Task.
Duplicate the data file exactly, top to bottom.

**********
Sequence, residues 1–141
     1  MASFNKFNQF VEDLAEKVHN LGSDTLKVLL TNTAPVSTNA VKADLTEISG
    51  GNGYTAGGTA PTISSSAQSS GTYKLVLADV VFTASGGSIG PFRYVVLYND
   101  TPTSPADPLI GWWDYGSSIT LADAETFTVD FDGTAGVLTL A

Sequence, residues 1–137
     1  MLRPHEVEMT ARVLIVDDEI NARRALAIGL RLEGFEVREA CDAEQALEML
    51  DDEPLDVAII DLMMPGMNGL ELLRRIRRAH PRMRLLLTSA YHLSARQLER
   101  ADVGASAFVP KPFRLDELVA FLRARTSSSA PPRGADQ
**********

Sequence, residues 1–141
     1  MASFNKFNQF VEDLAEKVHN LGSDTLKVLL TNTAPVSTNA VKADLTEISG
    51  GNGYTAGGTA PTISSSAQSS GTYKLVLADV VFTASGGSIG PFRYVVLYND
   101  TPTSPADPLI GWWDYGSSIT LADAETFTVD FDGTAGVLTL A

Sequence, residues 1–137
     1  MLRPHEVEMT ARVLIVDDEI NARRALAIGL RLEGFEVREA CDAEQALEML
    51  DDEPLDVAII DLMMPGMNGL ELLRRIRRAH PRMRLLLTSA YHLSARQLER
   101  ADVGASAFVP KPFRLDELVA FLRARTSSSA PPRGADQ